© Nathaniel Garcia / Greenpeace

Barely two weeks after the monumental People’s Climate March, a humble Climate Walk begins. A postscript, if you may, in the letter written by thousands of empowered individuals calling on the world’s leaders to make the 2015 climate treaty in Paris count.

But to the Filipinos behind this relatively smaller initiative, it’s more than just a permissive addition. It is a tribute to communities who are paying the price for an insurmountable problem they did not cause.

This, and that it entails revisiting areas hit by what many claim to be the strongest typhoon in recorded history, tells us that #ClimateWalk has a deeper bearing. To us Filipinos, the climate crisis is not an afterthought because where we live is where its tragedy is most felt.

The last few years have been a cycle of surviving super typhoons, launching relief operations, rebuilding our homes, and preparing for the next impossible calamity. “The Filipino spirit is resilient,” is what we’ve come to tell ourselves through these disasters, if only to keep going. But all those lives lost, all those gashing images of devastation—we carry them everyday, as we do the constant fear of the next Washi, Bopha, or Haiyan.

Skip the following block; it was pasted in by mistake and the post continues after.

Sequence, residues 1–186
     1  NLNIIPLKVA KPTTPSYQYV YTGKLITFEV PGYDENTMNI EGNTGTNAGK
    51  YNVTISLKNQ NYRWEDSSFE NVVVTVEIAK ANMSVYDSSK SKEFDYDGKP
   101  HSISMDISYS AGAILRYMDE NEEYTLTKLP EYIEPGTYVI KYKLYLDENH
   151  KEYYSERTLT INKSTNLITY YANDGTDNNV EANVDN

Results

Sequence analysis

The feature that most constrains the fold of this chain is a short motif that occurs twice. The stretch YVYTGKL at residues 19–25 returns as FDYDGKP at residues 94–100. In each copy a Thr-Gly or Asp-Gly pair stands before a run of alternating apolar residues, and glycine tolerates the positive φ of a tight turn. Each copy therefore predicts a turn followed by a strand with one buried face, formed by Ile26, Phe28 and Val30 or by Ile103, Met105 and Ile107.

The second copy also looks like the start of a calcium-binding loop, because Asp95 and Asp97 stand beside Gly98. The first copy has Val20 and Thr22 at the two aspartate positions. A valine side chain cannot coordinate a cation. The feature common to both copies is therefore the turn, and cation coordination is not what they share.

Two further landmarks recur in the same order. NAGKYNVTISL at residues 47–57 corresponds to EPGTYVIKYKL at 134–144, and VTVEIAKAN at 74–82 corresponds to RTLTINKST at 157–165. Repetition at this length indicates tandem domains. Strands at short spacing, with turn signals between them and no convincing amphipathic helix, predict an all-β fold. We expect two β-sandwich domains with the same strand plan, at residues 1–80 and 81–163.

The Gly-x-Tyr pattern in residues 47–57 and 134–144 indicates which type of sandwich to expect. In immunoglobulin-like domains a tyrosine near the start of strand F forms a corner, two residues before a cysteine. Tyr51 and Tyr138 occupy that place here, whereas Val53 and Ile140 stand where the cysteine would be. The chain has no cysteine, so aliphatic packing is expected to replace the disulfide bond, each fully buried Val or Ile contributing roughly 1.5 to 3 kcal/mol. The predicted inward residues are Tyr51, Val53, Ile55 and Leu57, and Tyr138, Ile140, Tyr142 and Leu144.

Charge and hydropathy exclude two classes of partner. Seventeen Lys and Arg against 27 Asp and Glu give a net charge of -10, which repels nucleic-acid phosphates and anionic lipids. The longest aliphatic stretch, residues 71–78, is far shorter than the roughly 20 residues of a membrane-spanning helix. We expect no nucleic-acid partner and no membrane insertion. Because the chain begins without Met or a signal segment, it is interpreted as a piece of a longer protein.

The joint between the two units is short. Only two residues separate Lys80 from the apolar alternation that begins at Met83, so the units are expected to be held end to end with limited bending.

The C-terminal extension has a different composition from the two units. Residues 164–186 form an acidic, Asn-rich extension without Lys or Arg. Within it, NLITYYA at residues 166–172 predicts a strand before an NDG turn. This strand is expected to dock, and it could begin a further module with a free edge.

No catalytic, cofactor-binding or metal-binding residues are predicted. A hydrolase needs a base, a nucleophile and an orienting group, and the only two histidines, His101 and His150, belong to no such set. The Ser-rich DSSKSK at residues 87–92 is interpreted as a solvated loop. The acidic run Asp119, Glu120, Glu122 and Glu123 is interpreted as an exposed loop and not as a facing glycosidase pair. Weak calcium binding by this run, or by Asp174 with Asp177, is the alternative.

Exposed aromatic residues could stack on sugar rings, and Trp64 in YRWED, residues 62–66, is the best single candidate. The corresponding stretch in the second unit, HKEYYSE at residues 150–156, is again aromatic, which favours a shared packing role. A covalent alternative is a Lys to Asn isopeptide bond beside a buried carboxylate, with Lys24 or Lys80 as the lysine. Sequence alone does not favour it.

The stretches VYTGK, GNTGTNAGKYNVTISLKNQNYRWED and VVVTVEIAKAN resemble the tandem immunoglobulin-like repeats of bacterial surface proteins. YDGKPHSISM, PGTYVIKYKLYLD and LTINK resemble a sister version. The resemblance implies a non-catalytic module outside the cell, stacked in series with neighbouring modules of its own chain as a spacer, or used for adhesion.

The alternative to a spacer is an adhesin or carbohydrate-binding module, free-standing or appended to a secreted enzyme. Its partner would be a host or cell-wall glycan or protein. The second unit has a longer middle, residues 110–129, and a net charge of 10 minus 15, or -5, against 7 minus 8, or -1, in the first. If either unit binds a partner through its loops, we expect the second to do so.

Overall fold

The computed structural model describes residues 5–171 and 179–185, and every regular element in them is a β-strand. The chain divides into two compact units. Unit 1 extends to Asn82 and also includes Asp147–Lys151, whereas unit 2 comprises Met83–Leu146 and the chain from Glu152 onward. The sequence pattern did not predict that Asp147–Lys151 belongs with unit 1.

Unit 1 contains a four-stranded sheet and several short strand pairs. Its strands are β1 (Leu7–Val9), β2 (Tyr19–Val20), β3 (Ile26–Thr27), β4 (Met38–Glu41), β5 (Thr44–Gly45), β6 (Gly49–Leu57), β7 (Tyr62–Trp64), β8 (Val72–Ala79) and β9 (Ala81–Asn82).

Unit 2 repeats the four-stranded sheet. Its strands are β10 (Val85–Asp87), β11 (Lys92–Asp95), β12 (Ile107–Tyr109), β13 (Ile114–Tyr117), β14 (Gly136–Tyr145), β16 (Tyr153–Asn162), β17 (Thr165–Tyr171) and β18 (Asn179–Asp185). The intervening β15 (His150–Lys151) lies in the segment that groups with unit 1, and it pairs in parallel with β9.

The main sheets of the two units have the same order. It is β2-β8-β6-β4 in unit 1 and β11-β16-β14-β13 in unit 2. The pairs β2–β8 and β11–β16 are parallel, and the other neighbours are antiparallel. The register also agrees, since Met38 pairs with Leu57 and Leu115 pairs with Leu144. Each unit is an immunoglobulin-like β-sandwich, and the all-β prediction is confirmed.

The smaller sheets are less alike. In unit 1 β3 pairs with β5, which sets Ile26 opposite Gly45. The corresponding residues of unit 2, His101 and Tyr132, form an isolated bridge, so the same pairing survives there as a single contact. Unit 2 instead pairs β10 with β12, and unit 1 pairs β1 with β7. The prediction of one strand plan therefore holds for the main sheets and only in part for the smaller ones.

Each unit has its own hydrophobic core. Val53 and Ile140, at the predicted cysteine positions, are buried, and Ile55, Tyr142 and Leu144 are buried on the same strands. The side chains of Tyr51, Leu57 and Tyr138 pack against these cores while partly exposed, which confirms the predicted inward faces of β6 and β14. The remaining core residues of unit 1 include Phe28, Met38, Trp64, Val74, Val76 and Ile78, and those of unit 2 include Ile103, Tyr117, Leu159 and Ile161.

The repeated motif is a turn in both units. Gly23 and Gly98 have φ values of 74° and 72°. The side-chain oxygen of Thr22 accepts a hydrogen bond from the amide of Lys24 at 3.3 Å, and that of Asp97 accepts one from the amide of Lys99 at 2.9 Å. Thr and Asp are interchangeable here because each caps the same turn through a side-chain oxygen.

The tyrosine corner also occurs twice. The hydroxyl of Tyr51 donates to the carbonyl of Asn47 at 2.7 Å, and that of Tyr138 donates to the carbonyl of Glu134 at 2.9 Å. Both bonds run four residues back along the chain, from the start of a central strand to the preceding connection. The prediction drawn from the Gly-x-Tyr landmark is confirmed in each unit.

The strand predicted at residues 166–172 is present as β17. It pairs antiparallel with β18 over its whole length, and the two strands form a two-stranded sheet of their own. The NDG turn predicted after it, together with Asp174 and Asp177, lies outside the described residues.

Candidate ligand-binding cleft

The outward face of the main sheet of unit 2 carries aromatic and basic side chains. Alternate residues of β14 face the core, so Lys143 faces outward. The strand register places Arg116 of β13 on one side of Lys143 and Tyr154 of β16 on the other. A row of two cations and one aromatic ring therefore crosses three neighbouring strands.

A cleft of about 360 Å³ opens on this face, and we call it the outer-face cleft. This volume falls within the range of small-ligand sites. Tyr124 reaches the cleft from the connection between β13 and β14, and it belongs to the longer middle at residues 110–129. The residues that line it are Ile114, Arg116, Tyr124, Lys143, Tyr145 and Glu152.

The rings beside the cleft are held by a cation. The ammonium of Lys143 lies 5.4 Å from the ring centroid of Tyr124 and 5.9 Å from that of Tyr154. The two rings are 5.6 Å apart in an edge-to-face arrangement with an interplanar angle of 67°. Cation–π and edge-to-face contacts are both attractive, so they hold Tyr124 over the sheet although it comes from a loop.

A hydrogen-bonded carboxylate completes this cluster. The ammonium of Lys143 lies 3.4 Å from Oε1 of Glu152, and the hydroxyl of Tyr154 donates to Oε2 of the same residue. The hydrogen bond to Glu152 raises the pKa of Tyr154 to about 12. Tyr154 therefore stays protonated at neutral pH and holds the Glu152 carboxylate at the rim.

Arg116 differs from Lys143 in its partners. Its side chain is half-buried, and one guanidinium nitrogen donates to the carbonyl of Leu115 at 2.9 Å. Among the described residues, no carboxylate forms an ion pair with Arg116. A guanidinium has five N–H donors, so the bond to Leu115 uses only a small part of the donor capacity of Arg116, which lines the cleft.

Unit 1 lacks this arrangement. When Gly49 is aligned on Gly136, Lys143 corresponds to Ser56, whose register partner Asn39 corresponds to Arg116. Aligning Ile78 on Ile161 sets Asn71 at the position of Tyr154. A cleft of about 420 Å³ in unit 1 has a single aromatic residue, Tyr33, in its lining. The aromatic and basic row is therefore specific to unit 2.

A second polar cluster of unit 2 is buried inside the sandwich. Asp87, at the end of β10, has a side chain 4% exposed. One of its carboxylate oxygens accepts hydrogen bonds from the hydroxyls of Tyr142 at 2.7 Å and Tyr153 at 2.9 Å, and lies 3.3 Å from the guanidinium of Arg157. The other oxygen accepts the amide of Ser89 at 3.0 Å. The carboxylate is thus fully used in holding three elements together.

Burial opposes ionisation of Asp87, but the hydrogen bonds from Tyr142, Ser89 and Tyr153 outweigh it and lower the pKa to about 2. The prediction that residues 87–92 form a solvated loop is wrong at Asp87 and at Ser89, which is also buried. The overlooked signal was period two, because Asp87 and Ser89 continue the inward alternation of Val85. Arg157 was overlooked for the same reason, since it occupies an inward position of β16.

© Nathaniel Garcia / GreenpeaceThis 40-day walk from Manila to Tacloban is a continuation of the global effort to call on the leaders of countries with the highest greenhouse gas emissions to make more ambitious commitments for the new international climate agreement slated to be finalized next year. It’s also intended to inspire people around the world to demand action from their leaders.

However, I think that its greatest success will be in restoring our morale, in the realization that a win in the global climate fight is more for us Filipinos than for anyone else. The Climate Walk is our cue to come forward and be part of the defining struggle of our time.

You can join the #ClimateMarch, wherever you are.

This blog post was also published on Move.PH, Rappler's citizen journalism arm.